Thank you to Netgalley and the publishers for my opportunity to read and review this.
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A must read for fans of WWII fiction! 

Having lost her husband to the war, Gwenna Devaron agrees to open her English country home to a German Jewish refugee and her young daughter. When she arrives at the train station to pick them up, she discovers that the woman has been tragically killed and her daughter is standing by herself by the side of the train track. Welcoming this traumatized child in to her home is only one of the challenges that Gwenna must face as the war in Europe rages on. Lotti, the young girl, refuses to speak but dutifully follows Gwenna around the farm tending to the animals. When the government requisitions several acres of the farms land, Gwenna is handed another challenge…to meet the demands of the ministry or risk losing her farm. She knows she can’t manage this enormous task alone even with the help of her two trusted farmhands. When asks for land girls to help, German POWs are sent in there place. Gwenna now faces yet another challenge, how to keep Lotti safe from those who have tried to destroy her and get the job done. But…over time and with Lotti’s ability to trust one of the POWs in particular, Max….Gwenna is learning that not all Germans are bad. 

This story is wonderful. It is the first one I’ve read from this author and I loved it. I loved the characters and the way she brought them to life. It is very easy to become emotionally invested in all of them. It’s a side of war that I don’t think gets touched upon often and it’s a great lesson in not judging a book by its cover. 

I’m so grateful to NetGalley, Bookouture and Natalie Meg Evans for allowing me to read it before it hits the shelves!
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This book had me from the very first page. The courage of the main character was outstanding.  If you only read one book of historical fiction.  Make it this one. 
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The Girl With The Yellow Star is a beautiful well told WW2 story. It was interesting reading about German POWs 
 and the beautiful, detailed description of the Cornish cliffs.
The Girl With The Yellow Star tells a story of courage, strength, heartache, love and forgiveness but also jealousy and sacrifice. A great read.
Thank you NetGalley for my ARC in exchange for my honest review
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A very emotional book but a lovely story that compels you to delve in.The story and characters go so well together and readers will love it 5*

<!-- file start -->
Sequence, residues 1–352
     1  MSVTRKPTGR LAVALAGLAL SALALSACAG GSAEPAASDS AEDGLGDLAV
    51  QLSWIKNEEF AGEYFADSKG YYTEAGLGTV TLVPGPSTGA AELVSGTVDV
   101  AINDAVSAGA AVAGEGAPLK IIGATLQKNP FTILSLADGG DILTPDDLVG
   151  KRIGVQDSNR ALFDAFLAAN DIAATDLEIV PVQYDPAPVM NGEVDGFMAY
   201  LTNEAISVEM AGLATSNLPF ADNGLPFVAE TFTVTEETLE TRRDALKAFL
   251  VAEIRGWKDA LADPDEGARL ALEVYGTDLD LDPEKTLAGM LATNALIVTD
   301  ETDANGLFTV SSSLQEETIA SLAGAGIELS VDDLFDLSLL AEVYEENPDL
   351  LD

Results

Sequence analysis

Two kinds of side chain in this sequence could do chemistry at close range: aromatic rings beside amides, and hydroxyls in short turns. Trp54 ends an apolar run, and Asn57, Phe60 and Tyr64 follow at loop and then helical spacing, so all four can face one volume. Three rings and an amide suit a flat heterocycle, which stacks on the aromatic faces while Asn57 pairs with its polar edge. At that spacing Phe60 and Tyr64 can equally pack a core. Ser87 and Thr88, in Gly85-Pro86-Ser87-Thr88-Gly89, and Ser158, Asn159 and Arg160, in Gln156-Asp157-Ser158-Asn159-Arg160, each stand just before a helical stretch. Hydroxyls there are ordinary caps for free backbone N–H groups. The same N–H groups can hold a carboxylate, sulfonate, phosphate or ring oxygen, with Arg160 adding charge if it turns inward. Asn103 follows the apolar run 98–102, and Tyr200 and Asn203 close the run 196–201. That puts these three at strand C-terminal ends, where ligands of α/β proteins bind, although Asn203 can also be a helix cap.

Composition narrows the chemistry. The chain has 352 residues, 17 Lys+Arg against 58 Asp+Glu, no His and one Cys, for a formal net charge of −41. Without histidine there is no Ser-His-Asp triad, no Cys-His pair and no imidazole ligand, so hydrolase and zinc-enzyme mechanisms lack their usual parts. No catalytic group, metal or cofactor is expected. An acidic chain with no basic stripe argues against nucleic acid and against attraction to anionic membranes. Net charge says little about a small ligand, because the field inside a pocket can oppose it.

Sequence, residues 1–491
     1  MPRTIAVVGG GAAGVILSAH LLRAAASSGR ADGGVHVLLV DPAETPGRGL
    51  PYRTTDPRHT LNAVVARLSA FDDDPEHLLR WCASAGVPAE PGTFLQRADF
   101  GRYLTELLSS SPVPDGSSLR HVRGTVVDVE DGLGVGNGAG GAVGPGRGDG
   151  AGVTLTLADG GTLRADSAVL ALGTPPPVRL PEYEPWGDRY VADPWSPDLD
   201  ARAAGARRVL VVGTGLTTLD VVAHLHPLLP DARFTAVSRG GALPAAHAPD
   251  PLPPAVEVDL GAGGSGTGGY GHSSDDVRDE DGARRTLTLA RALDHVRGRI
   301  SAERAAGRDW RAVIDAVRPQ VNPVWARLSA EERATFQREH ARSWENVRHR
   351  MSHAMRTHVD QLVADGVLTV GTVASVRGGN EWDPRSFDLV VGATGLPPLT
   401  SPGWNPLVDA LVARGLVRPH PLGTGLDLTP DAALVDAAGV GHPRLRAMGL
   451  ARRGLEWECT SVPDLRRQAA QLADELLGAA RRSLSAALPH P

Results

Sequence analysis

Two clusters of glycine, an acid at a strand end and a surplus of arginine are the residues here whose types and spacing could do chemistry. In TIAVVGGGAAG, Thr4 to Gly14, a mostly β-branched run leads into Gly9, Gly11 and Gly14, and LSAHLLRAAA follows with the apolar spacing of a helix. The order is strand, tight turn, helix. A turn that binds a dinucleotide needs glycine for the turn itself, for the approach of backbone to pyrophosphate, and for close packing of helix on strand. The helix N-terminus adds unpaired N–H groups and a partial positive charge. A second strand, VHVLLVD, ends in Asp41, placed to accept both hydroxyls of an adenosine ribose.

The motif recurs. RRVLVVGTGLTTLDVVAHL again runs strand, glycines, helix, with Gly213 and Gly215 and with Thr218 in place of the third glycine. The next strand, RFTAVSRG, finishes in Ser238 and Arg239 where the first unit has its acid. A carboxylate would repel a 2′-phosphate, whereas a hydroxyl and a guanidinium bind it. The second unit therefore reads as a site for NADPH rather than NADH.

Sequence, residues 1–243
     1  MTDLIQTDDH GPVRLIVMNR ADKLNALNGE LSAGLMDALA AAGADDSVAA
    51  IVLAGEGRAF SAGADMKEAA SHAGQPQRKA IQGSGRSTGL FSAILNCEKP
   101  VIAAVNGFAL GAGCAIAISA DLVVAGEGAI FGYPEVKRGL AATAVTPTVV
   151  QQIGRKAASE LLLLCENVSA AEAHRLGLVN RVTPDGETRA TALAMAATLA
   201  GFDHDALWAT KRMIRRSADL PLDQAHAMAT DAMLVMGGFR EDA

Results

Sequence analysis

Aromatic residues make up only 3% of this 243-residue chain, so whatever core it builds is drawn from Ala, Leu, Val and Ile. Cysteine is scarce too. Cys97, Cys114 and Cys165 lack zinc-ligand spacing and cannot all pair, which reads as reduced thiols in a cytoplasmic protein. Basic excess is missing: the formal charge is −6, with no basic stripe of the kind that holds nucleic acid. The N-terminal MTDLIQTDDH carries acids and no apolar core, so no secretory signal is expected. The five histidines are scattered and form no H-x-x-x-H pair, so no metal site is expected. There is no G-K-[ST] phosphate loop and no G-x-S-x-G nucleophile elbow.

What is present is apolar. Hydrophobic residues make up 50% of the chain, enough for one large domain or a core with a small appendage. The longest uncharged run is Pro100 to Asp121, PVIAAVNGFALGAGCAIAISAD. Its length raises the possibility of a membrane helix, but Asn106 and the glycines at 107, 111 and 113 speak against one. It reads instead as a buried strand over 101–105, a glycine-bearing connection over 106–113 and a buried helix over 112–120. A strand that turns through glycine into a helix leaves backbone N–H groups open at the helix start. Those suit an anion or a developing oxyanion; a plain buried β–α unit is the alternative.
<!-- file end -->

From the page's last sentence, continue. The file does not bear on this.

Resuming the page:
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“We have to wear the yellow star! It’s the rules!” the little girl sobs. But her mother presses a desperate finger to her mouth. “Darling, today is different. We are going to leave our stars behind and go on a long journey. We must be very, very quiet, and pray nobody finds us until we are safe in England…”
Cornwall, England, 1943. When her husband is killed fighting in the Navy, grief-stricken Gwenna Devoran tries to fill the void in her life by offering shelter to two Jewish refugees in her farmhouse high on the Cornish cliffs. But at the train station, ten-year-old Lotti is waiting all alone in her neat red coat.
Lotti’s mother died protecting her on the journey. Now Gwenna is all this little girl has. Traumatised Lotti won’t speak a word: and when an order comes for German prisoners-of-war to work the farm she’s in more danger than ever. What will happen if the Germans find out Lotti is Jewish?
When Gwenna overhears Lotti chattering happily to German captain Max Reiner, showing him her teddy bear, her heart stops. Shocked to hear Lotti finally speak, Gwenna is terrified for the little girl she’s grown to love. But perhaps she can she trust the kindness in this German officer’s gentle voice and bright blue eyes…
As Lotti heals a little more each day, Gwenna risks everything to spend more time with Max, certain he doesn’t believe in the Nazi cause. But then a rumour starts in the village: Max himself fired the torpedo that killed Gwenna’s husband.
Devastated, Gwenna’s heart is torn between loyalty to her country, the memory of her husband, and love for the little girl she secretly hopes could become her own. With Max desperate to prove his innocence, does she dare to trust him? And should she fight for the three of them to become a family – or will the war tear them all apart?

—— —

I really enjoyed this story and found the addition of German POWs and their use as labourers on an English farm provided a different perspective of life in WWII and the conflicts their presence could bring to small rural communities. The cast of characters are well rendered and believable. From the likes of old farmhand Ezra, to Wiggy the Scouse land girl and the German POWs, particularly Max. The relationship that develops and evolves between Gwenna and Lotti is heartwarming against the backdrop of loss they’ve both suffered as a result of the war.